Wednesday, May 18, 2016

Interview with Aaron Sheehan, GRAMMY-award winner, singing in Catacoustic's world premiere opera

Grammy Award-Wining American Tenor Aaron Sheehan has established himself as a first-rate singer in many styles from oratorio and chamber music to the opera stage. He regularly performs in the United States, South America and Europe. He sang the title role in Boston Early Music Festival's recording of Charpentier's La Descente d'Orphée aux Enfers which won Best Opera Recording at the 2015 Grammy Awards.

Do you sing music of the Baroque & Renaissance, exclusively? What works best for your voice, and what are you happiest singing?

No, I don't sing Baroque & Renaissance music exclusively. I do think this music works best in my voice, and I am completely at home with Bach, Handel, and most French Baroque music. However, I also like singing composers like Britten, with his obvious inspiration by the baroque. I have recently been exploring more of the French chanson of Fauré, Hahn, and Debussy, which are exquisitely beautiful.

I know you as many US early music performers used to know each other: through our time at Indiana University's Early Music Institute (EMI). It used to be that having gone to the EMI was enough to create a connection and bond. Most of the pros came from there. Now things are different with music schools and conservatories like Juilliard focusing on early music/historical performance. Can you comment on the new generation of Early Music performers?

I think it is rather exciting that Early Music has proliferated into so many conservatories and schools across the country. I believe that more and more programs are actually being taken seriously, as well! The early music movement has grown up and is fairly mainstream. However, I can still give masterclasses throughout the country where students are dumbfounded by certain sounds used in our repertoire. I get questions like, "how do you make that sound?" or "what is this keyboard instrument with plucked strings?" These are sounds and instruments that have been around since the 17th century and can be found on thousands of recordings over the last fifty years! So, for all of the growing up we have done, I think there is a long way to go. I also hope that the scholarship of early music doesn't become watered down with this proliferation of talent.

You are a regular performer for the Boston Early Music Festival operas. These have been exceedingly popular. What is the appeal of Baroque opera today to the audience? Is it more relevant than traditional romantic opera of Verdi of Puccini?

I think the appeal of Baroque opera lies in its visual and aural beauty, but also in the fact that the story usually revolves around what it means to be human. Love, Loss, Regret, Fear, Hope, War, and did I say, Love?! These are themes of our lives today. I don't think Baroque music is more relevant than grand opera; it's just different and focuses on different aspects of the art form.

Tell us about your university teaching.

Teaching has always been a part of my career. I have found it to be helpful to my own singing, as well as an even keel in my life. I currently teach voice in the Historical Performance Department at Boston University, and I am a visiting teacher at Case Western Reserve University in Cleveland. I have held teaching positions at Wellesley College, Brown University, and Towson University, but have had to slim down my teaching due to an uptick in the performance career. I love seeing students grow and develop over time. I think it is important for all of us in the early music world to help teach and spread the knowledge that we have gained from our mentors to new students.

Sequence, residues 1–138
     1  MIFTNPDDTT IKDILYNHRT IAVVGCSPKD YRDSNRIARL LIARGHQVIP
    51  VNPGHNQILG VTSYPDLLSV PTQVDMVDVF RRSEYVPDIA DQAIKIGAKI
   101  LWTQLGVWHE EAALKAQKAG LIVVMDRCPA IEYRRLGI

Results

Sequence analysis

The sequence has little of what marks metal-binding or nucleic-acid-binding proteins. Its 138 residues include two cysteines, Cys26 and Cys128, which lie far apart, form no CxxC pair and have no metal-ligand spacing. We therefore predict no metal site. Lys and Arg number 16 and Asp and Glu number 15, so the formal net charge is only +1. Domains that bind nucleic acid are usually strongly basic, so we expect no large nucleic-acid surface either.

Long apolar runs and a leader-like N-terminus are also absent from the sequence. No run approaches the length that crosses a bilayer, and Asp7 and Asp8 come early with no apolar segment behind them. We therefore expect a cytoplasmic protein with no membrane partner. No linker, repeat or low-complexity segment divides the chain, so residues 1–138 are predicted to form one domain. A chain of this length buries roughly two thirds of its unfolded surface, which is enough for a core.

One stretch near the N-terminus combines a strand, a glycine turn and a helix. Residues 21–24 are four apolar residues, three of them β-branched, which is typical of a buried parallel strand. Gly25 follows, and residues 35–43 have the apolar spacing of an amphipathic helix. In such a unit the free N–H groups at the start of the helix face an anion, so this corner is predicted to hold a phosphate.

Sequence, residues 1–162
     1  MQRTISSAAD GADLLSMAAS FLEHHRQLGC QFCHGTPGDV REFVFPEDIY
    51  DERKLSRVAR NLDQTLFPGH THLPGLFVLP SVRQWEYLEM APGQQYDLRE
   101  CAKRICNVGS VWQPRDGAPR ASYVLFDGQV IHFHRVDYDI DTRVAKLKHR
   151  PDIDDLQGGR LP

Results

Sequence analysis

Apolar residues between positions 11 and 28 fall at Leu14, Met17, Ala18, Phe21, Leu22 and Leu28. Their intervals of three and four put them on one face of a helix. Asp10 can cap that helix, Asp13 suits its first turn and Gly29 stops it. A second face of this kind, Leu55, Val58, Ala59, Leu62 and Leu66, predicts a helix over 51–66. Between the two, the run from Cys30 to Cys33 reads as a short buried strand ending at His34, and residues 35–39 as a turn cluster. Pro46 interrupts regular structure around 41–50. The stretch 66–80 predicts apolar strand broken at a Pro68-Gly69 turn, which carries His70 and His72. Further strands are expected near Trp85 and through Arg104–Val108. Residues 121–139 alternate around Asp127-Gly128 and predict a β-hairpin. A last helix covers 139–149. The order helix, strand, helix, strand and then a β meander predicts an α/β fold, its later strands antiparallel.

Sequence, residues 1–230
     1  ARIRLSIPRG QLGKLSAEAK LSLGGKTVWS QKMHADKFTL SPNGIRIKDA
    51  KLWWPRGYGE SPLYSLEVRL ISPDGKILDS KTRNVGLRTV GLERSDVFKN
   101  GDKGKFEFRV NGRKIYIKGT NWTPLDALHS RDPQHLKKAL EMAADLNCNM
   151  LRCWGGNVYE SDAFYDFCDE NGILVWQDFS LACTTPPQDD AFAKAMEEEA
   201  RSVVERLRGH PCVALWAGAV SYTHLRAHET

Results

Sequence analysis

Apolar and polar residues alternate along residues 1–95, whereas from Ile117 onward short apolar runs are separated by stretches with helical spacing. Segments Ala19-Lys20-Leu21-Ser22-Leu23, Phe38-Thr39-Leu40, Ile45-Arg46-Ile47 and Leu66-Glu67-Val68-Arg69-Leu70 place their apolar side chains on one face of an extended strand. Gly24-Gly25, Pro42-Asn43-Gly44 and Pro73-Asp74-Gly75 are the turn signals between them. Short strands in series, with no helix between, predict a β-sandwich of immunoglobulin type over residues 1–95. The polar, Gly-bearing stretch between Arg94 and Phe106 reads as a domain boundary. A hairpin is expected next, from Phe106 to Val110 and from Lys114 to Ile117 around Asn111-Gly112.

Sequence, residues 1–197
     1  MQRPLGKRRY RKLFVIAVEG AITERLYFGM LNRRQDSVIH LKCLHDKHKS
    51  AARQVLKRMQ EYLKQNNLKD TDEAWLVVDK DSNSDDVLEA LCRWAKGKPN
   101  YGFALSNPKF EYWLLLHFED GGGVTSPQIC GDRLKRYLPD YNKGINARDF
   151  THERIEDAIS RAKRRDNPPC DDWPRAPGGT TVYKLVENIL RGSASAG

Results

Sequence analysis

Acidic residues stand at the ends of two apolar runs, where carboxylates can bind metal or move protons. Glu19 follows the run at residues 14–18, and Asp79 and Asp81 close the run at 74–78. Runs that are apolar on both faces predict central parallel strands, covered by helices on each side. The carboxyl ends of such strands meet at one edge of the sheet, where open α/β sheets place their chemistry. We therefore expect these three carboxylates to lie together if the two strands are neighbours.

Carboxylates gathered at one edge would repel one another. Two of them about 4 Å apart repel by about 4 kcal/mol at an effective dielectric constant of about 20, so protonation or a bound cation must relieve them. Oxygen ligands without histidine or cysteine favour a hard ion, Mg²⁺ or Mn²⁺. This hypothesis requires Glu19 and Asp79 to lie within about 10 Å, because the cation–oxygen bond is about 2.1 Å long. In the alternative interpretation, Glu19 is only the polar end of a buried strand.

What is your life like, traveling for work? How much time do you spend at home?

I travel quite a bit for work. It is definitely not a career for someone who hates travel or is a homebody. I would estimate in a given year that I spend 65% of my time on the road or not at home. It means a lot of sleeping in hotels, or patrons' homes- and eating out A LOT!!! It also means you need to have an understanding partner, which, thankfully, I do!

You recently won a GRAMMY for your performance in another Charpentier opera. What was that experience like? What does it mean to win this particular award, and how has it changed things for you?

Winning the GRAMMY was a wonderful experience and one I wish everyone could have. It is an honor to be recognized by your peers for your hard work and commitment to what we have all chosen to do in life. It's amazing to be completely stunned when they announce your name, to then give an off-the-cuff speech in front of the peers that voted for you. I will never forget the feeling.
I don't know if my life has changed too much. I have a little more performing work, and I acquired a manager. I also have been requested to sing more French Baroque music as of late, which is a good thing!

Have you been to Cincinnati before? We look forward to having you join us.

I actually have been to Cincinnati before. I used to date a singer that was at CCM while I was a student in IU Bloomington. I spend my last year of graduate school driving to Cincinnati 1-2 times a month before moving to there for the summer after my graduation. I then lived in Cincinnati for three months before finally moving to Boston in the fall of 2001. I haven't been back since, but am really looking forward to returning.

Click here to listen to Aaron sing an excerpt from the Charpentier opera La Descente d'Orphée aux Enfers.

No comments: